Hi Whyde. :) If self-evident alternative makes current BB-related assumptions/interpretations untenable, it is unseemly to not actually address them squarely and fairly in order to keep up a pretense that better reality-based 'contra-indications 'do not exist'. :)

They are unproven, unsubstantiated alternatives. Usually without the capability to back them up empirically.
That said, however.... The pic at the beginning of the article is pretty cool....
RealityCheck
1.5 / 5 (8) Jan 22, 2015
Hi Whyde. :)
They are unproven, unsubstantiated alternatives.
See how insidious is the lag effect of Confirmation Bias infesting mainstream Cosmology literature/interpretations/claims etc? You've just repeated a falsity-based 'belief' built upon a foundation of confirmation bias based claims which you 'believe' to 'prove' anything at all, let alone that alternatives are not viable even BEFORE the biased swerve into BBang fantasies now pervading literature/beliefs/thoughts in you/those not yet aware of the terrible mistake: ignoring the previously perfectly valid and observations-supported infinite-eternal process 'steady state' overall Universal energy-space phenomena. Occam's Razor, and increasingly contrary indications and just plain realization that confirmation bias has been driving belief/certainty in BBang etc, now makes clear the earlier understandings were valid, and now increasingly informed/confirmed. Rethink it from scratch. Don't miss the obvious this time. :)
Uncle Ira
4.5 / 5 (8) Jan 23, 2015
Challenging/debunking is part of Scientific Method. One can't have it both ways. :)


@ Really-Skippy. How you are this morning Cher? I'm good me, thanks for asking.

Putting out the better idea than the one you are debunking it part of the Scientist's Methods too. Maybe that is a part you could show us about. It's easy to be a debunker if you don't have anything that can be debunked in return.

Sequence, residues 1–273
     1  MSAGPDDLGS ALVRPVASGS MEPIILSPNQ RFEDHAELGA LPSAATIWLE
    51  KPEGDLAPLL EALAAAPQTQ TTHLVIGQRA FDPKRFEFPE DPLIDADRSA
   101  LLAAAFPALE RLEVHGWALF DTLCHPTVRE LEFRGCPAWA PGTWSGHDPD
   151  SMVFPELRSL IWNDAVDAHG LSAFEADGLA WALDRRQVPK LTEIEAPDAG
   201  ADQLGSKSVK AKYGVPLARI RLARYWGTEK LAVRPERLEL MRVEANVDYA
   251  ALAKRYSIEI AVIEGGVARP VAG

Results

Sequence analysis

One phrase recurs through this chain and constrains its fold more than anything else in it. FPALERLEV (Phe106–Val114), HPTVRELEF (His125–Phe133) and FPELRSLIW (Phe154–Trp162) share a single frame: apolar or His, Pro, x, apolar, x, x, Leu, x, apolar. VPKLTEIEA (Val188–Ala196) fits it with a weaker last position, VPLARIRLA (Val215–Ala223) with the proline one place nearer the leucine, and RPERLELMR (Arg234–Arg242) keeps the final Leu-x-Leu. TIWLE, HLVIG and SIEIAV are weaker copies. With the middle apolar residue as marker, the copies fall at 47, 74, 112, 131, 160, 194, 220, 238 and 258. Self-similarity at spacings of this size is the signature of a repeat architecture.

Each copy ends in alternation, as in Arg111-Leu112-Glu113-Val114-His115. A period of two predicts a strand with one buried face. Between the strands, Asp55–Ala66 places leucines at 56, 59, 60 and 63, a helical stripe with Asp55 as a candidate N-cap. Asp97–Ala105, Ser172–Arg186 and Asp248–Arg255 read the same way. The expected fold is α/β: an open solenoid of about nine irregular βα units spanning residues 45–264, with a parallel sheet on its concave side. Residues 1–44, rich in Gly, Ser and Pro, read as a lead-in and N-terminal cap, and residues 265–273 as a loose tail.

RealityCheck
1 / 5 (5) Jan 23, 2015
Hi Whyde. Isn't it too 'funny' that idiot Ira.....who BOT-votes from a person/source LIST in order to SKEW rating system on a SCIENCE site.....is now chiming in with the bleeding obvious?

Oh the Irony; the Humanity; the Insensibility of it!

It doesn't appear to have been 'updated' into Ira-idiot-bot's trolling database that I've been presenting ideas/discussion points for years; and that I am soon publishing the complete work for just that: falsification or confirmation, as the case may be.

Is this lowest-common-denominator idiot Ira, pretending to be in any position to fairly judge anything/anyone/ideas, let alone have any real objective scientific interest or ethics (his BOT-voting continues, remember), now a 'champion of science discourse' for this century?

How sad for science/discourse; when genuine members who would discuss ideas for their own sake can be sabotaged/harassed by such 'personality' cretins.

By your silence 'it' flourishes. And 'it' is a travesty.
Whydening Gyre
4.5 / 5 (8) Jan 23, 2015
It doesn't appear to have been 'updated' into Ira-idiot-bot's trolling database that I've been presenting ideas/discussion points for years; and that I am soon publishing the complete work for just that: falsification or confirmation, as the case may be.

No, you haven't. You've claimed you had info but were too worried about plagiarists and the like to give it out. We live in a "give a little to get some" world.
Is this lowest-common-denominator idiot Ira, pretending to be in any position to fairly judge anything/anyone/ideas, let alone have any real objective scientific interest or ethics (his BOT-voting continues, remember), now a 'champion of science discourse' for this century?

Ira appears to be shootin' from his gut (intuition) that tells him what I said above is true.
sabotaged/harassed by such 'personality' cretins.

Thee only person sabotaging you is yourself.

Oh the Irony; the Humanity; the Insensibility of it!
RealityCheck
1.7 / 5 (6) Jan 24, 2015
Hi Whyde. :)
You've claimed you had info but were too worried about plagiarists and the like to give it out.